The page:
Scholars adopting a relational ontology of organisational creativity have shifted attention away from a preoccupation with individual minds towards that which is enacted, emergent, shared, unpredictable and contingent. This article follows suit, yet breaks new ground by reconsidering how the mind plays an active role in unfolding creative interactions by building a bridge between literature on organisational creativity, aesthetics and philosophy of imagination. I draw on English Romanticism to craft a theoretical model of organisational creativity as an aesthetic and relational process of shared imagining. This model demonstrates how organisational members use primary and secondary modes of imagination and creative expression to develop, materialise and share perceptions and images of possible futures. By elaborating on their interplay, this article contributes to literature by theorising an active and generative role of mind that does not have the ontological shortcomings of leading theories. In turn, this has a number of implications for literature on entrepreneurship and organisational creativity in terms of situating and embodying creative thinking, explaining the intentionality and motivation for creative actions, overcoming perceptual differences and changing practices and routines.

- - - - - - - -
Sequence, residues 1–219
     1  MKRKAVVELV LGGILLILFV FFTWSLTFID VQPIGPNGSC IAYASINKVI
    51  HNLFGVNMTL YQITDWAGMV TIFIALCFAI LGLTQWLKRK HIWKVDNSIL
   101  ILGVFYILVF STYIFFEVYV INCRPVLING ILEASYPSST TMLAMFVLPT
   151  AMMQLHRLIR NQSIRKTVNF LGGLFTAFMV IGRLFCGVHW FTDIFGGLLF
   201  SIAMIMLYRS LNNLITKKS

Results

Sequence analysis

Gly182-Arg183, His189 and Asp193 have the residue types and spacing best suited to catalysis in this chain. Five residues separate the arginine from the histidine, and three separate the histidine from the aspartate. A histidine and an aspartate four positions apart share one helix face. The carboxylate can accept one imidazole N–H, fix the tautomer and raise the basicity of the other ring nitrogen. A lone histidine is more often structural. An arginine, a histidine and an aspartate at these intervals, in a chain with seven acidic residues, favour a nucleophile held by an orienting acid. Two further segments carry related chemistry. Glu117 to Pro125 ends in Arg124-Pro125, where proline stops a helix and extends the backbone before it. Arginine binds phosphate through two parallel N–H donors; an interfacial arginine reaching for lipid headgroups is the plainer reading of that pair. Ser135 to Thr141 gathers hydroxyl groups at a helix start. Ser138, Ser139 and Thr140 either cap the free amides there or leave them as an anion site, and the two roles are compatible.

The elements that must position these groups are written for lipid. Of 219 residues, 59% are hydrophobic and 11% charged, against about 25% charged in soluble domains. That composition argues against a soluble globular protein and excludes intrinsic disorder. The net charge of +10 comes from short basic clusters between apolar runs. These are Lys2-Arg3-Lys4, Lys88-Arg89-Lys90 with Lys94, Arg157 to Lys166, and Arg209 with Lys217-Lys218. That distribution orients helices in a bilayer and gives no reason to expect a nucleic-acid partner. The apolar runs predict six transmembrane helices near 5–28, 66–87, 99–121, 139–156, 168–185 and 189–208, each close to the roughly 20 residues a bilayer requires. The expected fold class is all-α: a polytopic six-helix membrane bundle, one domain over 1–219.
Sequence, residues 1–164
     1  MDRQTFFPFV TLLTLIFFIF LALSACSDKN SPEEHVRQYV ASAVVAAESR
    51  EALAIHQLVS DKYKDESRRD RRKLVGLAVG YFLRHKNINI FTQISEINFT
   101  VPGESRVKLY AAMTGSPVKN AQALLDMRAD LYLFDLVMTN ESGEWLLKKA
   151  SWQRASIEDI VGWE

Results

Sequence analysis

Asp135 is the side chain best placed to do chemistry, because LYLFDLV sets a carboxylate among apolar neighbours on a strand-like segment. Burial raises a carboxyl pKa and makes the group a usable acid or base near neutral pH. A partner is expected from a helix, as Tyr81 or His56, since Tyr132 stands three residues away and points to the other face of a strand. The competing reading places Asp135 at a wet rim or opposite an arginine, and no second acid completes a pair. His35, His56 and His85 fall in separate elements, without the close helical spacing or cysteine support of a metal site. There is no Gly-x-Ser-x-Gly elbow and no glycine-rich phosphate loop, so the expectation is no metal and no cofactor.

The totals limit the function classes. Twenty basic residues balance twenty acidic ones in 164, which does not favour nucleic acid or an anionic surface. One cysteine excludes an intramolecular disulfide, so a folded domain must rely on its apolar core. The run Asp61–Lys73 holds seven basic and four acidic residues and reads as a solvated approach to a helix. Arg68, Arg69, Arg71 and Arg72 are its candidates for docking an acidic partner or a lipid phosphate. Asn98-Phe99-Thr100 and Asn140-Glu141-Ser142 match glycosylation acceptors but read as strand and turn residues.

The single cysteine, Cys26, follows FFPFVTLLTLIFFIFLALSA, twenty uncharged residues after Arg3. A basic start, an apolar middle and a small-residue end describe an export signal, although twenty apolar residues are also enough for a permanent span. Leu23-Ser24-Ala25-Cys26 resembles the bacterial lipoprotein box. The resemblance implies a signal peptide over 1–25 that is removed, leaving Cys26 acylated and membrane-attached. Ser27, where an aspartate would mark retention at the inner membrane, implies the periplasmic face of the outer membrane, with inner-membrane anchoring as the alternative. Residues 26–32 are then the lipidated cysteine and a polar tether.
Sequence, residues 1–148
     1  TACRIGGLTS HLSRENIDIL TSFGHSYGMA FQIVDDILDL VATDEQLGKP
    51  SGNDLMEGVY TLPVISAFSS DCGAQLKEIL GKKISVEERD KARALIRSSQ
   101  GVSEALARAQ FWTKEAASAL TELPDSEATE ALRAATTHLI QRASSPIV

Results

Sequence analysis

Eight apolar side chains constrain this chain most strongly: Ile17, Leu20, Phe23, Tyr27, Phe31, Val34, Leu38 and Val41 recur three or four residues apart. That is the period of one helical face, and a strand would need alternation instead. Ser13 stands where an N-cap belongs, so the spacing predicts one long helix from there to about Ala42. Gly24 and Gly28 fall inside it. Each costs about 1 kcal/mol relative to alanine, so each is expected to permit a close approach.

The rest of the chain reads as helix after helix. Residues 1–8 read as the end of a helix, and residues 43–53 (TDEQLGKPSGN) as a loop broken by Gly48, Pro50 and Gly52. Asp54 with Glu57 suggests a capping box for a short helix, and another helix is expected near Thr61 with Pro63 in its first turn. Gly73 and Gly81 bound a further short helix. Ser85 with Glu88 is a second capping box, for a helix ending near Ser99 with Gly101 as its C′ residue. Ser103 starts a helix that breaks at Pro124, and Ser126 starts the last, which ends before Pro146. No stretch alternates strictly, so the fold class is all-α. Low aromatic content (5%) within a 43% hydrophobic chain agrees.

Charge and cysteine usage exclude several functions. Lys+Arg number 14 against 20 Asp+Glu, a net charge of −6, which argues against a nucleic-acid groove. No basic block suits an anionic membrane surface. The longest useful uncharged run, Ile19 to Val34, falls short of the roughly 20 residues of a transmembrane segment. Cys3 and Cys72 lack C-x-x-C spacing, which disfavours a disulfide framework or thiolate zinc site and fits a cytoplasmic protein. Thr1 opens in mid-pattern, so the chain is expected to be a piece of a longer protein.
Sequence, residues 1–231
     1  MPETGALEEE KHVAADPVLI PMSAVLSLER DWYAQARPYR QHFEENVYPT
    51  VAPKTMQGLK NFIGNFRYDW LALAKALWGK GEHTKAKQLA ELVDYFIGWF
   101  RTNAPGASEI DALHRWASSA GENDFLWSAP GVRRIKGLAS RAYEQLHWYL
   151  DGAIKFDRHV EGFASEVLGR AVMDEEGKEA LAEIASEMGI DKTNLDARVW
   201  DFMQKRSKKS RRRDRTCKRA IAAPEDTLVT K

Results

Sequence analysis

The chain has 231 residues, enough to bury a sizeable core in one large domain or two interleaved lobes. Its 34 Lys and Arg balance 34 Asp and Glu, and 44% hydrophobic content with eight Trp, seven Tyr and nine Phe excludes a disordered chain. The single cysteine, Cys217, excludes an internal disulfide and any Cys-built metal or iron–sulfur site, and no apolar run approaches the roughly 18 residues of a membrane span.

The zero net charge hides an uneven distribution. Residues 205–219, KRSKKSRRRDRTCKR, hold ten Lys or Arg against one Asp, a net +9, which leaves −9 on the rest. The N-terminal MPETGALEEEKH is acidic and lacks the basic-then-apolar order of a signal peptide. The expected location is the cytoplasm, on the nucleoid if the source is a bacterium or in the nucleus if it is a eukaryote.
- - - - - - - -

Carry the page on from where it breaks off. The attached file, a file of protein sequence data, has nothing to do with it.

Bibliographical noteSpecial Issue on 'Organizational Creativity, Play and Entrepreneurship'
- English Romanticism
- organisational creativity
- philosophy of imagination
- primary and secondary imagination